Land law can be summed down to two questions. What is the nature of the rights given in regards to the land? Secondly, how was the right created? (What is the formality?) This is to say that process of creating a proprietary right, helps determine whether or not it is a right proprietary means (or if it is one in the first place). I know a tautology of sorts (How can we determine the first question without the second? However, it is important to note that rights are limited to what they can be, and thus the process is vital. Why? Certainty. The more certainty there is, the easier it is to complete a transaction. It’s business and essential business in the UK in the recent history of the last 100 years given the rise of property owners. There are a few exceptions to this, but this is more for a practical sense for government departments not be swamped. The only issue for the exceptions is that those who are most likely to be affected, do not know. So there should be a concerted effort to improve knowledge about this. Maybe a topic in PSHE at school?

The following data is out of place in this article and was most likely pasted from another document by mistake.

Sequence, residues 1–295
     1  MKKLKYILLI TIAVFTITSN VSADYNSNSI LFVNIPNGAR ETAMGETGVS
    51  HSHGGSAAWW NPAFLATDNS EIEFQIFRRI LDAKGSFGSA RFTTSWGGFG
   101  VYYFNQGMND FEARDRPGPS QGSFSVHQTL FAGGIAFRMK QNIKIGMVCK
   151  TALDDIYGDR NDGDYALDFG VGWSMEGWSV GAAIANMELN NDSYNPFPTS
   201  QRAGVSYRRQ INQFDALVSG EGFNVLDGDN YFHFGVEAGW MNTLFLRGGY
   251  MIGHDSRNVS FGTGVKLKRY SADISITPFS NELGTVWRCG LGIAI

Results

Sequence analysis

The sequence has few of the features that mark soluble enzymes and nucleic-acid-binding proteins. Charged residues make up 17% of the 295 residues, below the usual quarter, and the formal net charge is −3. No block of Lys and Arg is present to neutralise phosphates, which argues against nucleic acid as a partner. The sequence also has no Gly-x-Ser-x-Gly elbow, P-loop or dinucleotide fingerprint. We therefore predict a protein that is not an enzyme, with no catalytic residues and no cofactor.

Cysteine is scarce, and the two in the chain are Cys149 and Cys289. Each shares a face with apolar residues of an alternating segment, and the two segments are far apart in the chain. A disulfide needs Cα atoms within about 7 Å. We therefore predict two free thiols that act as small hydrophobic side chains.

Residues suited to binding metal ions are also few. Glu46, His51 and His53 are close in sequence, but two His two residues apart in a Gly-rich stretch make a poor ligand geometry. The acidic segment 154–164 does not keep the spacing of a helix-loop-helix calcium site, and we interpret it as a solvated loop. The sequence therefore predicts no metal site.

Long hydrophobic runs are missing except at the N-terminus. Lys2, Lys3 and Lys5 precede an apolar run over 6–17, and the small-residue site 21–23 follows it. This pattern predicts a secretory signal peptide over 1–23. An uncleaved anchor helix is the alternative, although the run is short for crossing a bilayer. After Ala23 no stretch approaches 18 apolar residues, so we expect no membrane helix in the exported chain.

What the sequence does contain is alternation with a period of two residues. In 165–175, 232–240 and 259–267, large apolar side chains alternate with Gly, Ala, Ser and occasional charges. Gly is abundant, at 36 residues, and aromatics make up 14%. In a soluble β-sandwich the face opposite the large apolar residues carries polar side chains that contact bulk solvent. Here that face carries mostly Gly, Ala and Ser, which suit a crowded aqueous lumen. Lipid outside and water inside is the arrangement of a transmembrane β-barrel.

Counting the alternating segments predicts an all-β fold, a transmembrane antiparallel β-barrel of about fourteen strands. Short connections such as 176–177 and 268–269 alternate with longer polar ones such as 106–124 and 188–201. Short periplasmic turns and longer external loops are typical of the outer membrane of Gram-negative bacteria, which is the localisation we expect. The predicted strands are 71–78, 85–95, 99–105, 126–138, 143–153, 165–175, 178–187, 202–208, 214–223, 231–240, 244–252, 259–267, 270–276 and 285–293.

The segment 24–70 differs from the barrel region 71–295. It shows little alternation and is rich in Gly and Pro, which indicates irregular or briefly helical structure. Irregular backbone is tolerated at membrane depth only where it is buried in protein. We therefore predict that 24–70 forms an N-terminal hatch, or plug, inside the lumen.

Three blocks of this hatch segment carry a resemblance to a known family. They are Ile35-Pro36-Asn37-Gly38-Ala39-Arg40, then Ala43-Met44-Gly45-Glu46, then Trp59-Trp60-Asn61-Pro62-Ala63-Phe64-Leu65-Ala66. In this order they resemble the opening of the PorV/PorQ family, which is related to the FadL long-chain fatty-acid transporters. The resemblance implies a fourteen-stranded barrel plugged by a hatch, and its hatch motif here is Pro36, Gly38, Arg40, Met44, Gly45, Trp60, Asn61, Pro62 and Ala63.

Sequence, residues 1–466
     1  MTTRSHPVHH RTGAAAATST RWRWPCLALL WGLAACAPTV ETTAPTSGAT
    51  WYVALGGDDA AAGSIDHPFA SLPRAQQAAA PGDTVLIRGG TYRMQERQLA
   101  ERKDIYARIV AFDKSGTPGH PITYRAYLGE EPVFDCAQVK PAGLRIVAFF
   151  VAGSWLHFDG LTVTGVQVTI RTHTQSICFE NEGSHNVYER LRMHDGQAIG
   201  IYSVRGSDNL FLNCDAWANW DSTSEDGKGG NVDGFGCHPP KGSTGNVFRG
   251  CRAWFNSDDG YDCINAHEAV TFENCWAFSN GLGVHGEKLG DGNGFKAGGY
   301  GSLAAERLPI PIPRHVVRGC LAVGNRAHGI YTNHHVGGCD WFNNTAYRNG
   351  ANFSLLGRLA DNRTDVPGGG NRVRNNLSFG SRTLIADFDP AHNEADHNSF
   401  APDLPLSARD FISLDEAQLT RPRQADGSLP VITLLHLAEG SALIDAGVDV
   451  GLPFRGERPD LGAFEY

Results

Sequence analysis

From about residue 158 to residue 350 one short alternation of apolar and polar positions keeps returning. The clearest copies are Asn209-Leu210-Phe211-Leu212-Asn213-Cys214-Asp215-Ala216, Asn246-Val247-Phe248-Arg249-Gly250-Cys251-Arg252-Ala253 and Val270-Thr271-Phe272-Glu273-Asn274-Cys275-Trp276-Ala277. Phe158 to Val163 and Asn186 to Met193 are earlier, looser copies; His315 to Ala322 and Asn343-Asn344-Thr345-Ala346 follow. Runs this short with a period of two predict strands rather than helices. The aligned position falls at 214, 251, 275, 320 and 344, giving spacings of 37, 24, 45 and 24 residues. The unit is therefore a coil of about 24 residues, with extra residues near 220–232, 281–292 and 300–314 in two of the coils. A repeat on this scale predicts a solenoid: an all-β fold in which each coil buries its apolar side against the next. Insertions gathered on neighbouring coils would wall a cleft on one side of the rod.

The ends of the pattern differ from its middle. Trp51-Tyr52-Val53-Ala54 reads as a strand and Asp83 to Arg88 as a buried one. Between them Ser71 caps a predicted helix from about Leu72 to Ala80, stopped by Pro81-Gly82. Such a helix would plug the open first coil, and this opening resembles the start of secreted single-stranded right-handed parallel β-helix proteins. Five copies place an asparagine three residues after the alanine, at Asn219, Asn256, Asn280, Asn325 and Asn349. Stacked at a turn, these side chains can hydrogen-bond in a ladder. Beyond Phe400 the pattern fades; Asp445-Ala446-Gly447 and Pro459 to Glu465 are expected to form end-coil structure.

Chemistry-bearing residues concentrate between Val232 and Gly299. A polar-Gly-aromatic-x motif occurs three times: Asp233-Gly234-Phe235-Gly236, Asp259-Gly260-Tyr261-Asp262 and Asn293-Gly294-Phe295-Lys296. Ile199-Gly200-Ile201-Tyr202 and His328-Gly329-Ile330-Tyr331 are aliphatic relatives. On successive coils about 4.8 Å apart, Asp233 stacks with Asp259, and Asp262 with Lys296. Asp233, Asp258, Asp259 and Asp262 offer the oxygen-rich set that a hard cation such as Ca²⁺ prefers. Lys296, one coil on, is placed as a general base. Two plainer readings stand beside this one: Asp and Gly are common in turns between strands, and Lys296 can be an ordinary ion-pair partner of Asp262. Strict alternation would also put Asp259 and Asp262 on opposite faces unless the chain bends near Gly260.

Finally, I had an introductory tutorial in contract law. The problem was that I did not read the handouts properly and proceeded to answer the questions for next class… Well, at least the effort will not go to waste.

Entry 11

Big news for me personally today (still relating to the GDL), I was made a course representative: with no election. This meant that I have continued my streak of entering positions of authority with no backing of my fellow students. Whose said that democracy was alive and well with students?
To more academic issues, today a doubleheader of Equity and Trusts followed up by a Tort Law, which resulted in four hours of lectures in a row. This was followed by a career fair in law.